ATL: Is the High world class?

I really like this piece of Aaron Curry sculpture, Boo, Thing and Deadhead. I hope I am not violating my photo permission form.

My standing joke about the High can be found in a thinkVisual blog.  You can shoot in the museum, but not post it. This upset me the first time I went. On the second visit, I am less apt to write about anything in particular, because I am a little surprised how thin the actual collection is.

I have a ticket for the OMA with a North American reciprocal membership. So I can go to other cities and get in for nothing. Certain museum like the High, charge for extra exhibitions. So when I was there last time, I was to pay 12 dollars. I don’t think so, we got tickets for the permanent collection, but really the galleries are open and no one really monitors.

Museums are not cheap, but a bargain compared to stuff like Disney. Still some are a little ridiculous. The Boston Museum of Fine Arts was going through a rebuild back in 2008, and much of the collection was not shown, yet they were nervy enough to charge FULL admission. That I was furious to see.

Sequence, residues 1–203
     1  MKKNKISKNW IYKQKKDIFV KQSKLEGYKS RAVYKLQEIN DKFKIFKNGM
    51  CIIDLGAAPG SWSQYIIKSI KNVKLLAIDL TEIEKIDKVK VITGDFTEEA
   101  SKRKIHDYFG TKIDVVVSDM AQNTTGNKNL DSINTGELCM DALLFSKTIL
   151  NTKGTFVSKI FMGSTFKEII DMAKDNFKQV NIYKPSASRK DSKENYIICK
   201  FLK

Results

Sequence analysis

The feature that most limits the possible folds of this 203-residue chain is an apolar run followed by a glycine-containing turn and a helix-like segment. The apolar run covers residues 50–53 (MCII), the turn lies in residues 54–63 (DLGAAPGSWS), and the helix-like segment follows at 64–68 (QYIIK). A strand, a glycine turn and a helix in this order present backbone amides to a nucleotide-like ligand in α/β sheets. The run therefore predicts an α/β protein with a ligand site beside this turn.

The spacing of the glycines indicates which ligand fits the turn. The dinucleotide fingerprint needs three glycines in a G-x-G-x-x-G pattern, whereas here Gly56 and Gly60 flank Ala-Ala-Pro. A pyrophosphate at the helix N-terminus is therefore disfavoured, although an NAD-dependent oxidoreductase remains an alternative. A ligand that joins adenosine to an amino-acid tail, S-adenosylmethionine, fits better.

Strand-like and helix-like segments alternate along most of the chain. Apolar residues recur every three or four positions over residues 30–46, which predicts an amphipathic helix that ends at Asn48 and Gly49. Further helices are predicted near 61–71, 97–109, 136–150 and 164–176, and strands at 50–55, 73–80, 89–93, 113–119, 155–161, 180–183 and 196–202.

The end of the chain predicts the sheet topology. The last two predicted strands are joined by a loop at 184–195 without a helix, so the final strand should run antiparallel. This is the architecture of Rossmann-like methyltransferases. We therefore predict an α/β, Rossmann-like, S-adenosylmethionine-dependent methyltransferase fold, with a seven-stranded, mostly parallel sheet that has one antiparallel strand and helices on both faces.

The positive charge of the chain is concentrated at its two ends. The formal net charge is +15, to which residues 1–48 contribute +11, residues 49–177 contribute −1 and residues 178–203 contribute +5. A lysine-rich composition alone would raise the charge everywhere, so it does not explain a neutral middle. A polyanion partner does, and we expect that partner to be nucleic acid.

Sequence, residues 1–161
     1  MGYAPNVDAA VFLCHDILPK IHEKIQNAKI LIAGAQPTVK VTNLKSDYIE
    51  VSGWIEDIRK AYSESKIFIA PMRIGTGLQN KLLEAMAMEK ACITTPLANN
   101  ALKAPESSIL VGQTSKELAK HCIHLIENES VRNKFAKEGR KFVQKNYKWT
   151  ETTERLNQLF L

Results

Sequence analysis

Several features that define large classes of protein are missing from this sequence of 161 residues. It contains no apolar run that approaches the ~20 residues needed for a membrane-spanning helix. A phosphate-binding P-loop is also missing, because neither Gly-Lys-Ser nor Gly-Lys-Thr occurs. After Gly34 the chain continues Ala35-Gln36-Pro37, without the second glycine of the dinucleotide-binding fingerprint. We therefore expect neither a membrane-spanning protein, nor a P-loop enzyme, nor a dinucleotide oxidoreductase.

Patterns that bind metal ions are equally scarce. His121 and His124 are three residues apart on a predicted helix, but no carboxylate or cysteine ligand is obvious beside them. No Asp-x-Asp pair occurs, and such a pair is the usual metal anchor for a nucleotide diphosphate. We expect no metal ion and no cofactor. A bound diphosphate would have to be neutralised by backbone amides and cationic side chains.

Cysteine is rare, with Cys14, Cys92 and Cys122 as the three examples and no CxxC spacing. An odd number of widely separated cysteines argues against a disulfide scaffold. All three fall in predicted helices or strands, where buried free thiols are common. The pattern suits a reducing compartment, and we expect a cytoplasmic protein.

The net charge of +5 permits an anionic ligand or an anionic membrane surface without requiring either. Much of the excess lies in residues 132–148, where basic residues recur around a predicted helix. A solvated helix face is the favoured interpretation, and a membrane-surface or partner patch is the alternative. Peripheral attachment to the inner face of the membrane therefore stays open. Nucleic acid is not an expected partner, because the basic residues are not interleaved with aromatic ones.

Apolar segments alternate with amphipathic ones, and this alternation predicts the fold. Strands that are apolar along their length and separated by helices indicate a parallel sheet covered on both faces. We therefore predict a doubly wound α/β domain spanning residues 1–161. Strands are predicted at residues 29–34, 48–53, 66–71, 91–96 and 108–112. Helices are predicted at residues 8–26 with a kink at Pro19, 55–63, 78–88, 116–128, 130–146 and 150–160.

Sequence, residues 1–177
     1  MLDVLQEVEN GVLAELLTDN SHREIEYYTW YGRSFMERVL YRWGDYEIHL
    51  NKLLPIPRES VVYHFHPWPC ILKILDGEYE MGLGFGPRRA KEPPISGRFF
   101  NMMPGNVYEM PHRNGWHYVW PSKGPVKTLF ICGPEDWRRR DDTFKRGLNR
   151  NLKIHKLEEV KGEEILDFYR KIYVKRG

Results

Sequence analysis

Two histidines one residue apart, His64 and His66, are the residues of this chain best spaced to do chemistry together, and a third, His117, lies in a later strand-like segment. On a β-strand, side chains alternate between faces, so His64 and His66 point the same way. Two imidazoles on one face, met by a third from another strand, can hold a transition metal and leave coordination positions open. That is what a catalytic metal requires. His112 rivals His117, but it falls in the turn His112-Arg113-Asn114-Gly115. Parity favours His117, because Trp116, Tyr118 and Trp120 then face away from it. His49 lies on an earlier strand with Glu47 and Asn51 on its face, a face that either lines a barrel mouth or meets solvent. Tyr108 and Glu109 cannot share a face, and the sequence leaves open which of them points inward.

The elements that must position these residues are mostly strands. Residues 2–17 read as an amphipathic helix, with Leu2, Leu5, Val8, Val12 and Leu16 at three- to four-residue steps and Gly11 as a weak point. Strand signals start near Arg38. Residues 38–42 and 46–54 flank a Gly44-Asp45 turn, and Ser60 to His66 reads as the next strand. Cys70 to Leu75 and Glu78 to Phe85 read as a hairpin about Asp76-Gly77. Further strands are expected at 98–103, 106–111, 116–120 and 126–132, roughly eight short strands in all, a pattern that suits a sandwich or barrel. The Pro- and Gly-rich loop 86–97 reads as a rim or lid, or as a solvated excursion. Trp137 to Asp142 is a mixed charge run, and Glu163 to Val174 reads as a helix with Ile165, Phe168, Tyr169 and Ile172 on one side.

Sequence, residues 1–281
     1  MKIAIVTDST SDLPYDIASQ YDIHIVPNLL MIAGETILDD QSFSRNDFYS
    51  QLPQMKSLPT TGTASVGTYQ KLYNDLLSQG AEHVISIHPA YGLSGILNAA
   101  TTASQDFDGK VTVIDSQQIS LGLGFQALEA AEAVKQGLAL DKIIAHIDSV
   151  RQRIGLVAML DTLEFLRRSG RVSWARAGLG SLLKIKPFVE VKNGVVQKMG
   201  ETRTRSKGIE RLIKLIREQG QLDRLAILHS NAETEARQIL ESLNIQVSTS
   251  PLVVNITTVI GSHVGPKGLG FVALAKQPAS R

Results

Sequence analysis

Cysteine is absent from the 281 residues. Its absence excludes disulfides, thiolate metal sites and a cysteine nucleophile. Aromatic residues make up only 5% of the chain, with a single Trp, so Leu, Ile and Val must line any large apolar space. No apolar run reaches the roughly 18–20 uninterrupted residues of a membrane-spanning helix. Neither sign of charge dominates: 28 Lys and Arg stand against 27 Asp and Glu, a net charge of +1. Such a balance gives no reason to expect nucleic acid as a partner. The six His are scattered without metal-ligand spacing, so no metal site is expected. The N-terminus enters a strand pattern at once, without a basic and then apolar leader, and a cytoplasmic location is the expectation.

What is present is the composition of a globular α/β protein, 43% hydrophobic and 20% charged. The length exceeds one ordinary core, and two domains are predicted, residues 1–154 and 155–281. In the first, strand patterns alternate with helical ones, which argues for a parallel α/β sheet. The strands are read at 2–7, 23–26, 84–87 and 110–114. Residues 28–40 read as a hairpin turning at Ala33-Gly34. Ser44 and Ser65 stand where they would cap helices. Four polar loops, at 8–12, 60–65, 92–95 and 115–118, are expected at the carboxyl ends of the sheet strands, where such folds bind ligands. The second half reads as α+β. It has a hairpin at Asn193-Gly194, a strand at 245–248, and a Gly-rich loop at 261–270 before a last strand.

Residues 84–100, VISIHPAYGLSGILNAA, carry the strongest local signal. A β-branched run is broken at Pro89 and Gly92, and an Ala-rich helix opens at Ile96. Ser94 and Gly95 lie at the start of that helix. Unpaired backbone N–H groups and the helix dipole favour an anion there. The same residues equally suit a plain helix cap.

$25 Boston Museum of Fine Arts

$25 (recommended) Metropolitan Museum of Art NY (covers the Cloisters)

$19.50 High Museum of Art

$10 (Wednesday FREE) New Orleans Museum of Art

free—for everyone, every day! Baltimore Museum of Art

free—for everyone, every day! National Gallery, DC _____________________________________________________________

The New Orleans Museum has a wonderful collection which took me 3 blogs to explain. They charge $10, with free Wednesdays. The fabulous Cone collection is free at the Baltimore, and wow, all those Matisse’s. We won’t even mention how free the museums are along the National Mall.

At the High is a lovely Bellini Madonna and Child. There is a terrific Lucas Cranach the Elder portrait. There several bronzes by Rodin. There is a great Corot and several Impressionists including Monet and Pissarro. There is that rather famous Girodet, The Funeral of Atala. There is the Finster collection of folk/visionary art. There is the compulsory Rothko. There is a terrific Frank Lloyd Wright desk from Johnson and Johnson. There are some Katz and Richter’s. There is good post-Modern and I remember a terrific Chuck Close. There have been pieces from the Louvre, and presently, the Modern.

But wouldn’t I expect a little more from the 9th largest city in America with several fortune 500 companies in the top hundred?

Nineteen fifty, huh. Is that why they call it the High Museum?


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One Response to “ATL: Is the High world class?”

  1. rjdalimocon Says:

    Reblogged this on Fairytail !!.

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